a.       Ancillary jrsd under 1367.  Must be brought even if it doesn’t meet the $75k requirement.
ii)       Permissive Counterclaims (PC)
1.       Rule 13(b) – Arise out of a separate “transaction or occurrence” as P’s claim.  These may or may not be brought.
a.       Defending parties may also assert counterclaims that are completely unrelated to the original claim.
b.       Can get into Fed. Ct. by ancillary juris. if meets AiC; But if it doesn’t meet 75K using ancil. juis (supp) then goes to st. ct. (sep. lawsuit opt.)
2.       Jurisdiction of PCs – must have separate basis of juris. but can file these whenever, however, for whatever
a.       Joinder of compulsory and permissive counterclaims may be allowed, however, to get a permissive counterclaim into federal court.
(i)       Ex: P sues auto negligence for $75k.  D counterclaims for damage to his car in the same wreck for $25k and for breach of K in a different transaction for $56K. 
(ii)     Must have independent basis for jurisdiction, but if one P and one D, may aggregate claims and file in federal court.
(iii)    Ask if counterclaim is compulsory.  If not, then look at diversity or federal question.
iii)      13(C) – Counterclaims may claim relief exceeding in amount or different in kind from that sought in the pleading of the opposing party’s claim. (why lawyers and doctors don’t file for lack of payment often bc. They don’t want to be sued for malpractice)
c)       Cross-Claims against Co-Party (Parties on the Same Side)
i)         13(G) – A co-defendant may file a cross-claim against another co-defendant as long as the claim arises out of the same “transaction or occurrence” or if the claim relates to any property that is the subject matter of the original action. 
ii)       Diversity jrsd and cross claims – Ancillary Jrsd 1367 – No $75K requirement. 
iii)      No such thing as a permissive cross-claims.  Must arise out of same transaction or occurrence.
iv)     Unrelated Claim over AiC + diversity; use Rule 18(a) bc. there is an independent basis of jurisdiction – NOT a cross claim.
v)       LASA v. Alexander- D cross-claimed 5 Ps (marble falling off building) ; Maj: ok bc. All based on marble falling; Dis: other claims not same as original BOK claim
vi)     Cross claims not necessary.  D MAY sue, but doesn’t have to.  (McDonalds would want to cross-claim employee for phone pic)
d)       Identifying Parties who may sue and be sued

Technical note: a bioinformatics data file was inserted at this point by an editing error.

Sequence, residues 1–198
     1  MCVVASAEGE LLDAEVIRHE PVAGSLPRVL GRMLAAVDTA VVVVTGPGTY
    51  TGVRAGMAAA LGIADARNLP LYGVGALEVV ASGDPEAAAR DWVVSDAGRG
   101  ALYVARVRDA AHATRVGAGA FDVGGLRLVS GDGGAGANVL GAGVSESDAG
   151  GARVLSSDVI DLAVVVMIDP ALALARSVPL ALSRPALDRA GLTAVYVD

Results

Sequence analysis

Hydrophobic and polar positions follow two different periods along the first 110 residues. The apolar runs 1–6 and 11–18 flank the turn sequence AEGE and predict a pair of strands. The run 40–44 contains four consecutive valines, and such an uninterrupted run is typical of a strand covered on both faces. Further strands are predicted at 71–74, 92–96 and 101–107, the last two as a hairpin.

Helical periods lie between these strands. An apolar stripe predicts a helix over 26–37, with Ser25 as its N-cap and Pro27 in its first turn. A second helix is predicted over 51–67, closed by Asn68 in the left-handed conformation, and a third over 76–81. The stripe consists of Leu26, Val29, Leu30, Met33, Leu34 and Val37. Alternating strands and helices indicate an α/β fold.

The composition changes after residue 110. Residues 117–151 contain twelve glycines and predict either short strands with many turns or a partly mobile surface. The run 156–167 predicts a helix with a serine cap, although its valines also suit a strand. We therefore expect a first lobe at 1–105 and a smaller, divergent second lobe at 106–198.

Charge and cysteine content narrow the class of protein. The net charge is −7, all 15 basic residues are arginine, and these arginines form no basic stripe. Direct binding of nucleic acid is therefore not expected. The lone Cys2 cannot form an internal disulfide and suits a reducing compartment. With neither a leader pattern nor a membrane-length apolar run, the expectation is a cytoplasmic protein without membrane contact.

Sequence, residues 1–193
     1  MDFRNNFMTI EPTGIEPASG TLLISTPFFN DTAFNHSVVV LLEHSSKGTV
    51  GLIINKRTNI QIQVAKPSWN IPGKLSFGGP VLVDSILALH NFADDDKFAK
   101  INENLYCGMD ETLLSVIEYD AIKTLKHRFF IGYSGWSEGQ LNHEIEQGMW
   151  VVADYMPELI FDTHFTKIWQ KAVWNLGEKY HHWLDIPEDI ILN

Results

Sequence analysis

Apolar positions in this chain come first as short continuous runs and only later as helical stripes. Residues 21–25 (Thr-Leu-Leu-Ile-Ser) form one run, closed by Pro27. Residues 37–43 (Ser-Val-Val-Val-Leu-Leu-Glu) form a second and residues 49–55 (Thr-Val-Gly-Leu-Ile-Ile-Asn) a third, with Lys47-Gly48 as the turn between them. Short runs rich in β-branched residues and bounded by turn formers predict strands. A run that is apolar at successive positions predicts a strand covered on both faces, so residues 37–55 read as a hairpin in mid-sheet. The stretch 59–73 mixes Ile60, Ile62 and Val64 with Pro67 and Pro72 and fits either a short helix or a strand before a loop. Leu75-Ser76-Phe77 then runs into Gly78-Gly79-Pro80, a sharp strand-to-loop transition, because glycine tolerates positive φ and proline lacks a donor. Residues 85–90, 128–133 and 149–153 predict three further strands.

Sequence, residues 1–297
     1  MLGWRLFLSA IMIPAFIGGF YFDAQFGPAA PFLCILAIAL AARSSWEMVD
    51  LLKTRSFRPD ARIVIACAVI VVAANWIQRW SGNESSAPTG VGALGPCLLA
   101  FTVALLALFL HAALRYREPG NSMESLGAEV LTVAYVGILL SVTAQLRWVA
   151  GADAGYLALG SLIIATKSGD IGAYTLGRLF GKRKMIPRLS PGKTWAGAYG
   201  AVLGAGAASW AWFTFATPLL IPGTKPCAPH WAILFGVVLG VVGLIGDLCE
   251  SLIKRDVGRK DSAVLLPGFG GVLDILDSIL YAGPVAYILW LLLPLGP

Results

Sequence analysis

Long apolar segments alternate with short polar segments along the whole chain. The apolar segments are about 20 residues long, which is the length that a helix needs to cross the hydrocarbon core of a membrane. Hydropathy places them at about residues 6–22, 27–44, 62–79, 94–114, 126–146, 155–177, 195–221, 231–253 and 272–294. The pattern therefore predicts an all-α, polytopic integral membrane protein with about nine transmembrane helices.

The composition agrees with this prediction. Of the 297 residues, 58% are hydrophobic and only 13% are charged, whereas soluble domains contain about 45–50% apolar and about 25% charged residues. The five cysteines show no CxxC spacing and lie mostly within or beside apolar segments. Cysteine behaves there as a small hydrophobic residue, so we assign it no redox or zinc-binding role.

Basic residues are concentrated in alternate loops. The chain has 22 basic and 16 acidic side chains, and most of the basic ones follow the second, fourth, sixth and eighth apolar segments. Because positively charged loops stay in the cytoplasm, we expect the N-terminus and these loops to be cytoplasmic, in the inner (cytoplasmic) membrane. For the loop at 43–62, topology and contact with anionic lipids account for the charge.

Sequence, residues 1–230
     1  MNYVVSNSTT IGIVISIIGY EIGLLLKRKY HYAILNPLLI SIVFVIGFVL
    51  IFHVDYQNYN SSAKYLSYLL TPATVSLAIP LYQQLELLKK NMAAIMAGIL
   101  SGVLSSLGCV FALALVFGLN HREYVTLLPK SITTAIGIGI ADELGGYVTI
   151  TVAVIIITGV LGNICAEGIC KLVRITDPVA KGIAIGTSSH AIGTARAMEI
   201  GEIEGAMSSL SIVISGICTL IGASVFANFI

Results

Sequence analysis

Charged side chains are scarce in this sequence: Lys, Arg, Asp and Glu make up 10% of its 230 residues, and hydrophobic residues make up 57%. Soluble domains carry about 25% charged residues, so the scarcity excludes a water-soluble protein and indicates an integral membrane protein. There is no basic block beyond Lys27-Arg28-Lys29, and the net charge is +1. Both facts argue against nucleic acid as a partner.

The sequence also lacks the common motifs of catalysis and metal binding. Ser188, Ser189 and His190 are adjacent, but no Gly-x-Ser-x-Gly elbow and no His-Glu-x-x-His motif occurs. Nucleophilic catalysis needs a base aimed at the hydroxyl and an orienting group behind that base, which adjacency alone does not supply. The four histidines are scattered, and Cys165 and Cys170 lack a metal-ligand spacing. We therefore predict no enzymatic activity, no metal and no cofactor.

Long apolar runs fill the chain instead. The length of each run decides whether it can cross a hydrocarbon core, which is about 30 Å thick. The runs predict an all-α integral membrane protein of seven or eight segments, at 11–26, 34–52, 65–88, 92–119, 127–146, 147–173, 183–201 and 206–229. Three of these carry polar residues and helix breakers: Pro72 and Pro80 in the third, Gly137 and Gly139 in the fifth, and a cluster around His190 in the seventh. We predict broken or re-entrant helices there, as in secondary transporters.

i)         Real Party in Interest (Rule 17(a)) (Ellis) – real party in interest is the one who must bring the suit.  Capacity to sue is defined by the substantive law of the state.
1.       Subrogation –“step in shoes.”  In insurance suits an insurance co.  is sometimes the only real party in interest and must bring the suit.
a.       If damage to P’s car is completely paid by an insurance company, insurance co is the only real party in interest.  P’s ins. co. must sue the tortfeasor to collect negligence damages. | In Ark. the jury will never know (Policy juries don’t like insurance co.)
b.       If P pays a deductible and the ins. co pays the rest , both will probably bring suit against tortfeasor D, both are RPII’s but the jury won’t know about the insurance company.
c.        If P is insured, but hasn’t received insurance money.  P is in the only RPII in the suit.
2.       Rule 17(b) — Capacity to sue
a.       Depends on state law – different for different P.
(i)       For individuals – capacity is determined by the law of the state where the person is domiciled
(ii)     For corporations – capacity is determined by the law of the state under which it was organized
(iii)    For everyone else – capacity is determined by the law of the state under which the court is located (except: 17(b)(3)(A) and (B))
3.       Minors – Guardian’s Rule (17(c)) – if party is infant or an incompetent, the guardian or a “next of friend” or a guardian ad litem must bring suit.
a.       If the party is under 18, but living on his own, you can make the argument that the party is legally emancipated.  Look to state law to define emancipated. Rule 17(b) determines Capacity to sue or be sued. Determined by domicile in Ark, 17 yr old may not sue, unless emancipated.
4.       Executors and Guardians
a.       Wrongful death actions – the RPII is the executor of the decedent’s estate, even if family receives money. (acts as conduit to beneficiaries)
b.       Personal injury actions involving infants, divide the suit in half creating 2 different claims: 17(c)
(i)       For all expenses up to the age of 18, the person paying the bills will bring the suit.  Possibly the child’s parents.
(ii)     For all expenses past the age of 18, the infant’s guardian (“next of friend (parent)) 17(C) must bring suit to collect money for post-majority loss.  The jdmt will be put in trust for the child.  This party could be the same as in first suit, but not necessarily.  Atty and parent may establish a guardian to manage resources of infant to prevent parent from spending all the money.
5.       Public Officers (Rule 17(d)) – When suing public officer there are 2 choices: